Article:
A full schedule of the meeting’s events is available online.

The four-day AAAS conference is expected to draw between 250 and 350 participants, with a fifth day on Saturday reserved for educational field trips and visits to various local venues or attractions.

The AAAS is the world’s largest general scientific society, with about 120,000 members in more than 91 countries. It publishes the journal “Science.”

The organization’s Pacific Division serves more than 30,000 members in California, Hawaii, Idaho, western Montana, Nevada, Oregon, Utah, Washington, the Canadian provinces of British Columbia and Alberta, and most other Pacific Basin countries.

The division was recognized by the AAAS in 1912, and has held annual meetings almost year since 1915 – meetings were not held in 1918 because of World War I, or in 1943-45 because of World War II. The group has met three times previously in Ashland, most recently in 2010.

The AAAS Pacific Division is led by Executive Director James Bower, in an arrangement with SOU. Bower, a computational biologist who has served as a faculty member at Cal Tech and University of Texas, moved to Ashland four years go and accepted the AAAS post following the retirement of former executive director Roger Christianson, an emeritus biology professor at SOU.

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Latoya Gibbs presents research on competency-based training

SOU faculty member presents competency-based findings at aviation conference

Latoya Gibbs, an affiliate professor in SOU’s Sociology and Anthropology (SOAN) department, recently shared her findings on competency-based training at The World Aviation Training Summit (WATS) in Orlando, Florida.

WATS is billed as the world’s largest gathering of aviation training professionals who serve airlines, regulators, training providers and the training industry.

Gibbs’ presentation, “Competency-Based Training: Connecting the Dots to Passenger Satisfaction,” was part of the WATS Cabin Crew Training Conference – one of four separate conferences at the training summit.

The talk was based on Gibbs’ research on the effect of competency-based training on flight attendants’ performance and, ultimately, passengers’ satisfaction. She trained a group of 109 flight attendants in four competences: managing stress, dealing with conflict situations, displaying human relations skills and delivering quality customer service. The research included pre- and post-training measures of the flight attendants’ performance and customer satisfaction.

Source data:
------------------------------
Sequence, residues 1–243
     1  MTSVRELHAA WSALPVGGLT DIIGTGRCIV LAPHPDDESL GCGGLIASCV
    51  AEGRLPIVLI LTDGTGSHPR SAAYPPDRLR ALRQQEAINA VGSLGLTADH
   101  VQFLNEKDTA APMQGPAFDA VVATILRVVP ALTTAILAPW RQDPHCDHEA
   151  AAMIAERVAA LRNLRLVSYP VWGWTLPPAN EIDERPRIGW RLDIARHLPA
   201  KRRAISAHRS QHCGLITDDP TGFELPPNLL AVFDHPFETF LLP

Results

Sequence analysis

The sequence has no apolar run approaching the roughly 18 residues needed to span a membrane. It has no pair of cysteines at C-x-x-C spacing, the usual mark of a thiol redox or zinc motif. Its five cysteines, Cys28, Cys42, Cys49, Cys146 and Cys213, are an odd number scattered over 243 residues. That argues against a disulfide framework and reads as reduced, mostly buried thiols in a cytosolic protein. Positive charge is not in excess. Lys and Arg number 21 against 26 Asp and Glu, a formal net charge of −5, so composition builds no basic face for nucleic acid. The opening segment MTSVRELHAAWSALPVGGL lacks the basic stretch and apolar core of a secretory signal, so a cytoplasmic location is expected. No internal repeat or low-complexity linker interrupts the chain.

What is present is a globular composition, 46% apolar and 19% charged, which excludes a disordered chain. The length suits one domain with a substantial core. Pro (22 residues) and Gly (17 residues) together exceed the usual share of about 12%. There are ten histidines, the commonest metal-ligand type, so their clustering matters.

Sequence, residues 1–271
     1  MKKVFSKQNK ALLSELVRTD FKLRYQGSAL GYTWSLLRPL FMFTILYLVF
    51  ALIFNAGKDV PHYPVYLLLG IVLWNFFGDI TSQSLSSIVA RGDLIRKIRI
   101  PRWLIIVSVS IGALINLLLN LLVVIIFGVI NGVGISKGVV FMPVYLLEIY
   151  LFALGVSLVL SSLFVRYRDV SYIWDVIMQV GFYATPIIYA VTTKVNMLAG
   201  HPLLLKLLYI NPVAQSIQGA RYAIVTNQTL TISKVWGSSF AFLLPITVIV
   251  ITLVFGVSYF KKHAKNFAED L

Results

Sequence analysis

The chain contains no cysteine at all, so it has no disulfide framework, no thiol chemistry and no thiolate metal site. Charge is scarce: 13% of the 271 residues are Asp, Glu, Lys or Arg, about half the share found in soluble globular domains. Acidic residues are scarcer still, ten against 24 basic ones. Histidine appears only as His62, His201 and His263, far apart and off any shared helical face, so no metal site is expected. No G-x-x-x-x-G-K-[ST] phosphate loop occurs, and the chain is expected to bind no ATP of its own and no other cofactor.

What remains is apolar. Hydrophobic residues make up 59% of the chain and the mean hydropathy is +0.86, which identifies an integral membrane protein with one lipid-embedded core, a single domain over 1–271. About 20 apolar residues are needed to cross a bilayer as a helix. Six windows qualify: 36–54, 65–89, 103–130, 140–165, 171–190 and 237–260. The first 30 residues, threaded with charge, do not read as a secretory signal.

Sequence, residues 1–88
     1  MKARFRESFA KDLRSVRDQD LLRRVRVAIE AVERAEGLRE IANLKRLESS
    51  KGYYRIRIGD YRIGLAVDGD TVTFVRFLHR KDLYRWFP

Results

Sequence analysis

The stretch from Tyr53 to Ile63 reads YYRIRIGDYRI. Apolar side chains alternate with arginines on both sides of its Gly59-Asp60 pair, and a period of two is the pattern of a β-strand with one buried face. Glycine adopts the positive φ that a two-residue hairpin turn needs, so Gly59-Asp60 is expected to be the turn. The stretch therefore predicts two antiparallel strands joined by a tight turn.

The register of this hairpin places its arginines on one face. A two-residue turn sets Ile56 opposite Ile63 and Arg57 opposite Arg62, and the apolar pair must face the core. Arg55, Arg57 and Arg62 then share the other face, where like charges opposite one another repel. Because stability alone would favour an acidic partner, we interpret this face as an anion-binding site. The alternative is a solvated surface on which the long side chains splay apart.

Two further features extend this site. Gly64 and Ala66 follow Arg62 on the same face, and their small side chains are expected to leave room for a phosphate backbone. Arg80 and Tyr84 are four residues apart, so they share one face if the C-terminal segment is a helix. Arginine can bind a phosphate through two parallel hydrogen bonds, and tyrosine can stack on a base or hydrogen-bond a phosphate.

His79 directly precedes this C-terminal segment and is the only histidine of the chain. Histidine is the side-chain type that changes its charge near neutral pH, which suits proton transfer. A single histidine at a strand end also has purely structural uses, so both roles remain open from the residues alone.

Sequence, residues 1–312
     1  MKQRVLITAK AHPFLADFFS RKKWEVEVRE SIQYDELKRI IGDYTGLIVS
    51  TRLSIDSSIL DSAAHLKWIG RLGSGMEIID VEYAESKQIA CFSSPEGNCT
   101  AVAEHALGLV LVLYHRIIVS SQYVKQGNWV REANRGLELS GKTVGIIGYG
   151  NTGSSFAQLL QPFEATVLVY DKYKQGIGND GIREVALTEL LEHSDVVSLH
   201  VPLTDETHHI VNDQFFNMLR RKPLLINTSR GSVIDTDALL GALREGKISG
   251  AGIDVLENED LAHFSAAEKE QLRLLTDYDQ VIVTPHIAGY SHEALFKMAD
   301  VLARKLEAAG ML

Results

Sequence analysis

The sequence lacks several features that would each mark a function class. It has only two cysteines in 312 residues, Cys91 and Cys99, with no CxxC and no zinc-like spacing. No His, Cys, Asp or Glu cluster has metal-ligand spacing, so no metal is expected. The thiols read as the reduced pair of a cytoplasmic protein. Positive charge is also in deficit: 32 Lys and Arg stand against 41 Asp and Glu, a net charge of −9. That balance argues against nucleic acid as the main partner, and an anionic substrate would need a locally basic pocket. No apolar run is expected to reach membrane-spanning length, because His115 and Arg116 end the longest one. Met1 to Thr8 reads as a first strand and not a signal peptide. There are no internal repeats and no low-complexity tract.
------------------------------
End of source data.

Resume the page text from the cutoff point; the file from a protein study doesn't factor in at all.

Gibbs has worked as a flight attendant and a cabin crew training instructor, and                                   earned her doctorate in hospitality industry administration from Oklahoma State University. Her current research interests include competency-based training in aviation and hospitality education.

She focuses on human capital as a sustainable competitive advantage through performance and retention. She has published in the “Journal of Aviation/Aerospace Education & Research” and the “Journal of Hospitality and Tourism Education,” and has presented at various conferences.

Gibbs, who joined SOU’s Sociology and Anthropology Department last year, received her bachelor’s degree from Florida International University and her master’s degree from the University of the West Indies.

She spent 17 years in the aviation industry, serving first as a flight attendant for Air Jamaica and later as a cabin crew instructor for Caribbean Airlines.

Chance White Eyes

New Native American Studies faculty member to begin at SOU this fall

Chance White Eyes, who has worked most recently as a post-secondary consultant on educational and diversity issues, has accepted an offer to join the SOU faculty as a tenure-track assistant professor of Native American Studies.

White Eyes, an enrolled member of the Oneida Tribe of Wisconsin, will begin teaching at SOU this fall.

He served at the University of Oregon for almost five years as a graduate teaching fellow and then another year as assistant to the university’s tribal liaison before shifting to consulting work last fall. He previously served for a year at the UO as an academic advisor and Native American retention specialist.